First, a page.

Originators in search of loan volume aggressively marketed them to subprime borrowers who, by definition, either had troubled credit histories or very little experience with borrowing money.
In addition to payment shock features, both Alt-A and subprime loans typically had other high risk elements, such as lack of income verification, high loan to value ratios, and second liens.
Market conditions: what next?
As home prices have fallen in many areas of the country, distress in the mortgage markets has intensified. More and more borrowers are unable to refinance out of unaffordable "payment shock" loans. And an increasing number of borrowers are finding themselves in a very tough spot, owing bigger mortgages than their homes are worth.
When borrowers stop paying on their mortgages, the standard response of many loan servicing companies has been to initiate foreclosure. In a rising housing market, this might be the best course of action for the investors who own the loans. But in today's troubled housing market, a policy of mass foreclosures is self-defeating for investor and borrower alike.
Mass foreclosures are costly and damaging to neighborhoods and communities. They add housing stock to markets already laden with high inventory. And they can result in even bigger losses for investors.
A better alternative is to modify the loan. That is, renegotiate the loan terms between the borrower and the lender. This takes into account both the changes that have taken place in the marketplace, and the high costs that foreclosure imposes on all parties.
Loan modifications are a standard practice for lenders and borrowers who have long-term banking relationships, with the bank typically holding the loan. But it's much tougher today because virtually all the problem loans have been sold, pooled, and resold as securities to investors.
When the loans are securitized, they are serviced by third parties under "pooling and servicing agreements." These agreements typically require the company servicing the loan to collect payments and, if there is a problem, maximize recoveries. Unfortunately, many servicers have tended to proceed directly to foreclosure.
A question of investor lawsuits
Some servicers have told us that they are afraid to systematically modify loans for fear that investors will sue them. But the smarter question that loan servicers ought to be asking is whether there's a bigger risk of a lawsuit if they don't do modifications. Given today's market conditions, foreclosure will likely cost investors a lot more money than the lower returns they would get from modified loans.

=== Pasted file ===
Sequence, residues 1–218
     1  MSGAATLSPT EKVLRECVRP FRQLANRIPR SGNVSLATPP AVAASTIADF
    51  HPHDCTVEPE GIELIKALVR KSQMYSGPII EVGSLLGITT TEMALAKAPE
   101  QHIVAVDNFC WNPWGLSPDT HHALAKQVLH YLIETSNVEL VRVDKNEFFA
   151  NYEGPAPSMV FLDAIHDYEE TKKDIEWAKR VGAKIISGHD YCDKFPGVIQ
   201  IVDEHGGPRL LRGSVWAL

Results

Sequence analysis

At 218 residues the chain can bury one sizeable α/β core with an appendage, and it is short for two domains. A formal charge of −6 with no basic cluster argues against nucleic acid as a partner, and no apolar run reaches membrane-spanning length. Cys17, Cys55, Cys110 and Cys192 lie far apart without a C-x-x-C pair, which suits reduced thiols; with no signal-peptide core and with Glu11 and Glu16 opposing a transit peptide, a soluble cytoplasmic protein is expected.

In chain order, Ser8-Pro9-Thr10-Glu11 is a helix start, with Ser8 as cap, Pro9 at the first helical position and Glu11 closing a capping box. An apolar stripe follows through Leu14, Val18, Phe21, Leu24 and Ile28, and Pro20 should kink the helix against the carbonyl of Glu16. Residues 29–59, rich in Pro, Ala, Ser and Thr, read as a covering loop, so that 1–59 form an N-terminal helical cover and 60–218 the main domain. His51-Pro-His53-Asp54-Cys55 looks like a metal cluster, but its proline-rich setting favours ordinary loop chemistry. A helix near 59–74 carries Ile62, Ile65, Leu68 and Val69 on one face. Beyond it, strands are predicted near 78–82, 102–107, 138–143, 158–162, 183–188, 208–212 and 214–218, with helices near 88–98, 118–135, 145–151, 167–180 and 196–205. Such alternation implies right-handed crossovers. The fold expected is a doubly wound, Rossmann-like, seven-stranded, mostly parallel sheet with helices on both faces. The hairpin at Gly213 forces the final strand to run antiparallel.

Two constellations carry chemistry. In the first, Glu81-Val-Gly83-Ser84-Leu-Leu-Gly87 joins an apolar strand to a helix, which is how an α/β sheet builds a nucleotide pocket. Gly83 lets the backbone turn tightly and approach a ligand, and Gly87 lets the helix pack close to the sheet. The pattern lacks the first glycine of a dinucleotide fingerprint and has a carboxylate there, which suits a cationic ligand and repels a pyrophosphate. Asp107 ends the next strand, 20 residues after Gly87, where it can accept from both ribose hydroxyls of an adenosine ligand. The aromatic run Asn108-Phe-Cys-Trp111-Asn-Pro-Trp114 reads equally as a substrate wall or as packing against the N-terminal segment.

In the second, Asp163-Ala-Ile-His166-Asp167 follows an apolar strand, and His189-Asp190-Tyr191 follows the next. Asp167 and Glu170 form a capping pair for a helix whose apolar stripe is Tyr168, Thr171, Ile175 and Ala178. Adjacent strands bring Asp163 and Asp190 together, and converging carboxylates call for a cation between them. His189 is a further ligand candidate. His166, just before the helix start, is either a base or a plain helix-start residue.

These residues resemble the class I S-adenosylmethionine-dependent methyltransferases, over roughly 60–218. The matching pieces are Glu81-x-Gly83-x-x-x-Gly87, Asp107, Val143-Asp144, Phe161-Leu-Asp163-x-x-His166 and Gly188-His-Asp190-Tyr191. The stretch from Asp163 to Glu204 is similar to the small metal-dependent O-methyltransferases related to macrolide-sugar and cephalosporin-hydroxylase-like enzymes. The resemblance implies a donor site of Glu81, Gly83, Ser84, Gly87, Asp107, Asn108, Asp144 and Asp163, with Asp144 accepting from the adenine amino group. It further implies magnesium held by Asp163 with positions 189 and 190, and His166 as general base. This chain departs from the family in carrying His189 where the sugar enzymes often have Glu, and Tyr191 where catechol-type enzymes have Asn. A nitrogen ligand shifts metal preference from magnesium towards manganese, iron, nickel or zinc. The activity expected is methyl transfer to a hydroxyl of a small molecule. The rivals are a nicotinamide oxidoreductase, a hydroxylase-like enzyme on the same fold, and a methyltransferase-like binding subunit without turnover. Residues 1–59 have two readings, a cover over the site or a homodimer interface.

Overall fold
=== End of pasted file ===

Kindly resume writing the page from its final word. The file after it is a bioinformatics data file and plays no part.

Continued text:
If need be, Congress could step in to protect loan servicers from investor lawsuits by clarifying that systematic loan modifications are consistent with, if not required by, their fiduciary obligations to investors. My hope is that investors wake up to what's going on and push hard for loan modifications, not fight them.
If your companies have exposure to mortgage backed securities, whether directly or through employee retirement funds, I urge you to ask questions about who is servicing the loans backing those securities. And ask whether they are making meaningful efforts to modify distressed loans as an alternative to costly foreclosures.
Fast-tracking loan modifications
One simple modification that I have called for is to extend high subprime starter rates for five years or longer for all owner-occupied homes where borrowers have been making timely payments, but can't afford higher reset payments. Such a systematic approach can be much faster than a loan-by-loan process. And speed is crucial, especially for subprime mortgages. Some 1.7 million of them will reset in the next two years, most by the end of this year.
This proposal was the impetus for an agreement Governor Schwarzenegger reached last November with major servicers in California. In December, Treasury Secretary Paulson announced a similar national agreement, working with the American Securitization Forum.